When she suffers another miscarriage she feels responsible and she feels that her husband holds her at fault. This is heartbreaking as the two each deal with their pain alone and find themselves not sharing their true feelings. The story is fascinating as well as highly suspenseful. Something walks the halls of Bloodmoon Mansion and it is coming for Amberlyn at the time of the full moon. This is what she is told and later comes to believe when she comes to work at the mansion.
Even as the reader believes they have it all figured out there is still surprises left to experiences throughout the story. The fear builds as the reader worries about the safety of three small children and a woman that comes to love them. Amberlyn prays for help and struggles to figure out a plan of escape.
The anxiety is almost overwhelming when escape seems impossible. Love and God will be called upon to save them from the danger that stalks Amberlyn. The storyline is highly imaginative and the descriptive skills of Karen Wiesner make the scenes come to life for the reader.
As I read I kept thinking these characters are like out of an X-Files episode. I enjoyed the suspense as it slowly wound through the book building up the tension. Amberlyn, though seemingly a quiet character initially, has a gentle strength and resolve not to be a victim. And, although the character of Katerina is a nasty piece of work, I felt strangely sorry for her towards the end of the book.
There is a strong theme of faith and spirituality throughout the book. However, it never comes across as too preachy. It's more that the characters beliefs are strong enough to overcome anything. What I liked about this book is it cannot be categorized in one particular genre.
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It's a modern day gothic tale, where the heroine is battling evil and relying on the power of love and faith to get her through. It's an excellent read. After reading this book, all I can say is be careful of any answering any 'nanny' advertisements. You may get more than you bargained for. This gripping romantic drama, with paranormal elements, also has a surprising amount of inspirational content.
This novel will pull at your heartstrings while scaring you to pieces. Combining the seemingly difficult genres of gothic romance, inspirational views, and a paranormal twist provide the reader with a different type of book. One that shows that faith in God is always rewarded and that the power of the heart heals all wounds.
The members of the household talk of the dead as though they live among them. Is that why the doors are locked and the windows sealed? Katerina claims that an evil ghost walks the halls. Amber knows she made a mistake when she didn't let anyone know where she was going, and prays that God will come to her aid. A fate worse than death awaits Amber and the children if she is unable to find a way out. It is very scary as she roams through the house and the mausoleum looking for a way to leave the house of horrors. The secondary characters add to the story, particularly Katerina, who delights in the anguish of Amber and the children, but who is obviously miserable herself.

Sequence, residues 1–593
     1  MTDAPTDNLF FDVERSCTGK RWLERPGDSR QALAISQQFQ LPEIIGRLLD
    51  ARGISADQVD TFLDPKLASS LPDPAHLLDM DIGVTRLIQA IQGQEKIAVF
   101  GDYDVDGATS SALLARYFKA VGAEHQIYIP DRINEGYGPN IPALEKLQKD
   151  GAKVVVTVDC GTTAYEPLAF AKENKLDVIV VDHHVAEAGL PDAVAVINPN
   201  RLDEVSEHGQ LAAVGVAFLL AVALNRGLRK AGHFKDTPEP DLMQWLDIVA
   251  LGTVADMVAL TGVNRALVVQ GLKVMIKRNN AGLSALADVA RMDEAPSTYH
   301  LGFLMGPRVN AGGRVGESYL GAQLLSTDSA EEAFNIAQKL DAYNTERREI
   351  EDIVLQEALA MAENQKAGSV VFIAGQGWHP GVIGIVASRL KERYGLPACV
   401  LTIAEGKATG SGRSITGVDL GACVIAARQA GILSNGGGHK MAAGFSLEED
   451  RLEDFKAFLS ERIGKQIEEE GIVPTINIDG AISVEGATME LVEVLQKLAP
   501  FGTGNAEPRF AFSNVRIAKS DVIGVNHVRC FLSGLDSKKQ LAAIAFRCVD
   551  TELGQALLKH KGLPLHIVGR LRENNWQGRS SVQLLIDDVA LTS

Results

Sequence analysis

Daniel and Cain are good guys who only want to find Amber. I felt sadness for Amberlyn's loss of a child, fear for the children of the manor. Trying to feel like she had a place after four miscarriages, Amberlyn who feels responsible, runs from her husband who she believes blames her and his parents who she knows do.
Now, she was pale, her eyes sunken and shadowed with fear, her hair stringy and unkempt. The witch brought the woman water once a day, but no food. Why waste sustenance on one who was doomed? Gideon swore softly. Even now, the frightened pounding of her heart stirred his instinct to hunt. The scent of her blood, flowing warm and red in her veins, teased his nostrils.
Sooner or later, he would have to feed, and when he did, he would take it all. Perhaps it would have been more merciful to have killed her the first night Verah had brought her to him instead of letting her linger, her dread growing as she waited for him to strike. In an effort to resist the inevitable, he rested his head on his bent knees and closed his eyes.
How long had he been imprisoned in this place? A year? He had lost track of the time. There were no windows in the basement, no way of knowing whether it was summer or winter. The floor beneath him was always cold. He closed his mind to the woman sobbing beside him. They had ever been the cause of his troubles, from the mother who had abandoned him when he was thirteen to the treacherous female who had stolen his mortal life and turned him into a monster.
Verah was simply another in a long line of women he had foolishly trusted. Morbidly, he considered the fact that she would most likely be the last. A deep breath carried the scent of the poor creature beside him. He groaned softly as pain clawed through his vitals. He had spent the last five nights resisting the urge to feed on the woman.
Each evening, the agony inside him burned hotter, brighter, like a fire that could not be quenched.
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His fangs ached, his veins were shrinking, shrieking for relief. Relief that lay curled up in a tight ball on the other side of the cell. He could feel her watching him surreptitiously, taste her fear as she waited for him to sink his fangs into her throat. The hunger growling inside urged him to take her, to put an end to the physical torment that racked his body and the mental anguish that tormented the woman. September